Friday, 25 January 2013

Friday the 25th of January 2013

I don't often comment on political stuff, other folk (specifically those in the links section) do it with more elan and incisiveness than I ever could. This week however, has contained a bit of howler from the Unionist Better Together crowd.

Usually you need to be a bit of a political anorak to truly understand the unionist v. nationalist argument, what the average person in the street gets in terms of news is strained through a highly biased media which ironically, you need to be a bit of a political anorak to appreciate.

This week however was a wee bit different. For months we've been told by Better Together and a panoply of unionist politicians that the referendum on Scottish Independence introduces an unacceptable level of uncertainty on the subject of EU membership. It has been the main plank of criticism for the independence argument.

So, you don't need to be a political nerd to understand when David Cameron came out with plans for an in/out referendum on EU membership earlier this week; this highlighted a significant (in fact, glaring) double standard by unionist politicians.

For a start, the Indy Ref is happening in the Autumn of 2014, if successful (and I hope we are) no one really knows what will happen with EU membership, if precedent is anything to go by, we'll still be EU citizens (there is no vehicle within the EU to revoke citizenship) so the chances are, while we will have to renegotiate terms of membership; we'd do it from the inside and so for that matter would the remainder of the UK.

While Better Together and the 'No' mob have been extolling (at great length) the years of uncertainty for business our referendum presents, Cameron is talking about having the EU referendum in five years time, an even longer period of time. Their argument is, the UK isn't susceptible to the same forces other countries are, apparently the UK is special.

One other thing which needs to be mentioned; the day Cameron's speech was reported in the press was the same day a 'poll' result was released stating support for independence had sunk to an all time low of 23%. Except it wasn't a poll, it was part of the Scottish Social Attitudes Survey which is an on going exercise where different households are 'scientifically' chosen to answer the same question on a regular basis through-out the year, between 1200 -1500 people take the survey, on its own website, it even claims not to be an opinion poll, political nerds also point out the method by which 23% was arrived at was flawed and as a 'poll' measuring support for independence or any other political settlement, due to the wording of the questions asked, it is seriously flawed. Crucially though, the figure was gleaned from survey responses from the middle of last year, why mention it now instead of back then if its such big news? Oh, hold on...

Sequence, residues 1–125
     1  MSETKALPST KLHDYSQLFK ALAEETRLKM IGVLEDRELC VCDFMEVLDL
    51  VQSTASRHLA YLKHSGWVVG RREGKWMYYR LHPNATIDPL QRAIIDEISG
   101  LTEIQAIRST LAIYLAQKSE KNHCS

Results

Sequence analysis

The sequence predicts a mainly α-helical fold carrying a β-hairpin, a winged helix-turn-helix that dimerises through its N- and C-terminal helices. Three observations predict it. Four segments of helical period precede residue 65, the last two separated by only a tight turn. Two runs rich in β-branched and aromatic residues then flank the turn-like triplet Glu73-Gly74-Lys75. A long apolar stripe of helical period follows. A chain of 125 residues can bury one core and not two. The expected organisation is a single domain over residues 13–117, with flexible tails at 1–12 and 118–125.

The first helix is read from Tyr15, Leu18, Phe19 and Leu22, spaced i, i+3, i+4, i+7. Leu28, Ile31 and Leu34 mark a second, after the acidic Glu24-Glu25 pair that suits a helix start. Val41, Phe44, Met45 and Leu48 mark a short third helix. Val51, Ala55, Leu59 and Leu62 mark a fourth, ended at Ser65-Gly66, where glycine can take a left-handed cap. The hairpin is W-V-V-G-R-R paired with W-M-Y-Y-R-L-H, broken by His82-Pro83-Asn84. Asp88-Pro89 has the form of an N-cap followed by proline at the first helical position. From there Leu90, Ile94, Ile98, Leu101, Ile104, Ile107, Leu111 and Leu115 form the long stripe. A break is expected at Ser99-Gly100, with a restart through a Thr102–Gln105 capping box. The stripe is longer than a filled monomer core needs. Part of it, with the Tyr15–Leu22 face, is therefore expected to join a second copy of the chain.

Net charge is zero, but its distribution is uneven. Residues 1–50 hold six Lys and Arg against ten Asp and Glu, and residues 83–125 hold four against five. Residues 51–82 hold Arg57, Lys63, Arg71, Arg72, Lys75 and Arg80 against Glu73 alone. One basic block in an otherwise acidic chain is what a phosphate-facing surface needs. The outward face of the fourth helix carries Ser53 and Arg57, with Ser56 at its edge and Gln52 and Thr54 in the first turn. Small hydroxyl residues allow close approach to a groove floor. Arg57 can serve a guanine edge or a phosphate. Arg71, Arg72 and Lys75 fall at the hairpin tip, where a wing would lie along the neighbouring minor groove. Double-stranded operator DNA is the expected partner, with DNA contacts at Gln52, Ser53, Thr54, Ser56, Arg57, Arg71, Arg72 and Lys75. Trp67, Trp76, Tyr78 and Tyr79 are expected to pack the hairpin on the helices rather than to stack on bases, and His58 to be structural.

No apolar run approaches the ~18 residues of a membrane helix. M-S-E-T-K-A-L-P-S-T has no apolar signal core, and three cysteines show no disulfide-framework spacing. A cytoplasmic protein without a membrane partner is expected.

As usual, it did the job, news papers and current affairs programs on the radio and television had something other than the huge double standard dropped by unionists to report. A double whammy, they got to do down the Nationalist side with some more dodgy figures and bury a unionist turd at the same time.

When things like this go down, I really have no idea how people can still think independence from Westminster is anything other than the obvious choice.

(For what its worth, David Cameron will never have his referendum, when/if Scotland goes it's own way, both countries will have to renegotiate terms. The notion England Wales and Northern Ireland will continue within the EU minus 10% of its GDP, 30% of its land mass and vast swathes of farmland & fisheries is just daft, which coincidentally is what the Unionist side think you are when they're spooning out their nonsense.)

2 comments:

tris said...

It's interesting that , not only was the opinion poll, NOT an opinion poll; not only was it out of date by 7 months, additionally, the people who came out with the 23% couldn't add up.

There were 8% who said that they wanted a Scotland independent of the UK and of the EU, and there were 16% who said that they wanted Scotland independent of the UK but not of the EU.

That made a total of 24%, not 23.

You'd think that if you were going to make a campaign out of it, that you might be well advised to make sure that the very most basic arithmetic worked out.

pa_broon74 said...

Aye.

I just thought I'd mention it here, there are some* who read this blog who wouldn't realise what was going on and as I said, as far as lies and double standards go; this is humdinger.

* Over playing my readership again...